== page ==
Friday, February 29, 2008

Public Service Announcement

I've a stack of books (as per usual) I want to blog about, but, for now, I will break the trend of writing about reading, writing, and children's books and mention Gluten-Free Girl by Shauna James Ahern (aka, the Gluten-Free Girl, who is not only a fine writer, but takes the most lovely photos of food!) Like Shauna, my husband has celiac disease, which is a condition in which your body is intolerant to the gluten in wheat, barley, rye (and some would say oats; his diet is still oat-free at the moment). Intolerant makes it sound a bit wishy-washy, but it is a very serious disease and very underdiagnosed. Since it manifests in so many different ways, the symptoms are often lumped in with something else or brushed away and dismissed. I've heard of people who were essentially starving (grown women about 90 pounds), who suffered from chronic headaches, who had severe and constant canker sores, who had miscarriage after miscarriage, who had constant stomach, bowel digestive woes, etc. The picture of a person with celiac disease can vary wildly. So, my public service announcement is...if you, or someone you know, has been sick for awhile and no one can seem to figure out why, do a bit of reading on celiac disease. It might not be this disease of course, but it just might, too. (Shauna's blog and book are great places to start.)

Bookshelf Envy

Ooh, ooh, can you imagine the procrastination you'd get up to on this staircase? One day I hope for built-in bookshelves under our little staircase (and, for that matter, I need a few more wall's worth in my office), but this is one idea to file should I ever build a house. Thanks to the link from The Dewey Divas and the Dudes, who, in turn, linked this from apartmenttherapy. Too cool or what?

Ribbet, ribbet - Happy Leap Day

It isn't everyday one gets to blog on the 29th of February and on scanning my blog yesterday I see that I made a measly two posts this month (and that after beginning the year with such gusto). But, my friends, February was a busy, busy month. I, like the leaping amphibians that are being celebrated worldwide today, was leaping here and there, too.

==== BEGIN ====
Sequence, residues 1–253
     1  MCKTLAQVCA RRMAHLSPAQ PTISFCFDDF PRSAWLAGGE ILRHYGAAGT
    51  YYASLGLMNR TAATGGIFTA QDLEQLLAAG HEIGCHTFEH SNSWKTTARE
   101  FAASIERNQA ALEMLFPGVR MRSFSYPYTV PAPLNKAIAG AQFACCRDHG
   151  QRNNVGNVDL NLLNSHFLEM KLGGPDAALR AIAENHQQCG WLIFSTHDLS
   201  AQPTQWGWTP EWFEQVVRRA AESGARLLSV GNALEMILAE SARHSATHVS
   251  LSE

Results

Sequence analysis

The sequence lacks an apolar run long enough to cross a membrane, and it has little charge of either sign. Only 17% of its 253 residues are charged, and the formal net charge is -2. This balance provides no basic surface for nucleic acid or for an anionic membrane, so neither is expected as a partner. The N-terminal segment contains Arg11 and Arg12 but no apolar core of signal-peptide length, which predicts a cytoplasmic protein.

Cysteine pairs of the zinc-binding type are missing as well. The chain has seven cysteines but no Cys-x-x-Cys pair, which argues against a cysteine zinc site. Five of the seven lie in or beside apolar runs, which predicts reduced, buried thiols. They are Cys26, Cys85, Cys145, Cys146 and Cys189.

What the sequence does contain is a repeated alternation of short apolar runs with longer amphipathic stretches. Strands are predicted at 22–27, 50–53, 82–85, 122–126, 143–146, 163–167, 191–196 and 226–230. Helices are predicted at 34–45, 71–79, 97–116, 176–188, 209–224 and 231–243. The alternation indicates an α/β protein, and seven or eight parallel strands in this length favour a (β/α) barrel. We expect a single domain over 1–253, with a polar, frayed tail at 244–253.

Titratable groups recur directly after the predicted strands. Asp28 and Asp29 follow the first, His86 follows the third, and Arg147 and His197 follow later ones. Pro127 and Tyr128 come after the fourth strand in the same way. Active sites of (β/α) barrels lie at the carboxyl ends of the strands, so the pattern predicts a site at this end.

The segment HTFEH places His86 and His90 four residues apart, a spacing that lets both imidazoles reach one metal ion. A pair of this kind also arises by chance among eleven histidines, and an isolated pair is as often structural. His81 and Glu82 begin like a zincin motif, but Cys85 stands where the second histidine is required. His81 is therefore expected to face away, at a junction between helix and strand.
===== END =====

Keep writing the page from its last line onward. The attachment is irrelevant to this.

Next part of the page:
As mentioned, I did make it to Make Way for Ducklings Land (aka Boston) and here's the proof. Yes, okay, okay, so it's a touristy photo -- everyone must sit on poor momma duck -- but I was not going to let this moment pass after walking almost every inch of Boston Common searching for this sculpture. (Tip to Boston tourism types: Put "Make Way for Ducklings" sculpture on your sign post markers!) (Oh, and a big smooch to my brother-in-law who said that I looked like Diana Krall in this photo! I left the slinky gown and 4-inch stilettos back at the hotel, but, after all, it was hovering around zero, which was hard on this west coast girl.) I was in this fabulous city to attend the AAAS annual meeting, which was a whirlwind of symposia, press breakfasts, impromptu meetings with scientists, other media types, and a few old friends. Lots of very interesting, and very sobering, talks, particularly those on the health (or lack thereof) of our oceans. I am humbled and inspired.

One of the things I loved about Boston, aside from its wonderful walkability, the great coffee and treats at Caffe Vittoria in the North End, and the pulsing brain power in this town with 50 (!) colleges and universities, was its public art. Check out this mosaic set into the sidewalk at the site of the city's first school public school, founded in 1635. (Sorry, I tried to rotate this image, but it wouldn't save this way.)

After Boston I was off to Maple Ridge for a week of school visits. A big shout out and thank you to the schools I visited -- Yennandon, Whonnock, Eric Langton, Riverside, Hammond, Laityview, and Alexander Robinson -- and to the fabulous whirlwind of a district librarian, Suzanne Hall. It was a great, but very busy, week. I met hundreds of children enthusiastic about science and writing and reading, with lots of great questions and, of course, wonderful stories of their own. (I forsee great things from you, Mr. Creator of super hero, Toast Man!) It was also a blast hanging out with The Science Lady, too. (Thanks, especially, for the low-down on Lost.)